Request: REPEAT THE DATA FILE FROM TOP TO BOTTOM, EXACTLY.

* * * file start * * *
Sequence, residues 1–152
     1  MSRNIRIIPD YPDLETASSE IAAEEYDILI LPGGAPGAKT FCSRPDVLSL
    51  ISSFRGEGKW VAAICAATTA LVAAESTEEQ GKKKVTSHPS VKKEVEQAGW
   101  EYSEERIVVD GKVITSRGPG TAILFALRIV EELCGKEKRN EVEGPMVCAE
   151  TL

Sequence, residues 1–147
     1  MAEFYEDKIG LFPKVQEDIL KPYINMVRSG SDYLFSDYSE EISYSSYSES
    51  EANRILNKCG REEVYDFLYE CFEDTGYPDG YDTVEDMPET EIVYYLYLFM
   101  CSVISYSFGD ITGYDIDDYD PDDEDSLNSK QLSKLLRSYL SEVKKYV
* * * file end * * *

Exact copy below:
Sequence, residues 1–152
     1  MSRNIRIIPD YPDLETASSE IAAEEYDILI LPGGAPGAKT FCSRPDVLSL
    51  ISSFRGEGKW VAAICAATTA LVAAESTEEQ GKKKVTSHPS VKKEVEQAGW
   101  EYSEERIVVD GKVITSRGPG TAILFALRIV EELCGKEKRN EVEGPMVCAE
   151  TL

Sequence, residues 1–147
     1  MAEFYEDKIG LFPKVQEDIL KPYINMVRSG SDYLFSDYSE EISYSSYSES
    51  EANRILNKCG REEVYDFLYE CFEDTGYPDG YDTVEDMPET EIVYYLYLFM
   101  CSVISYSFGD ITGYDIDDYD PDDEDSLNSK QLSKLLRSYL SEVKKYV